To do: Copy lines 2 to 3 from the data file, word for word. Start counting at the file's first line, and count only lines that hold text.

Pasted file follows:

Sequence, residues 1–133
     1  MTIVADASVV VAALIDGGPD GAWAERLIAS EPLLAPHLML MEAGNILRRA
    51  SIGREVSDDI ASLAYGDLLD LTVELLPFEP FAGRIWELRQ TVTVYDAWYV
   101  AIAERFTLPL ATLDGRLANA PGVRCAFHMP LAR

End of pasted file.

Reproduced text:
     1  MTIVADASVV VAALIDGGPD GAWAERLIAS EPLLAPHLML MEAGNILRRA
    51  SIGREVSDDI ASLAYGDLLD LTVELLPFEP FAGRIWELRQ TVTVYDAWYV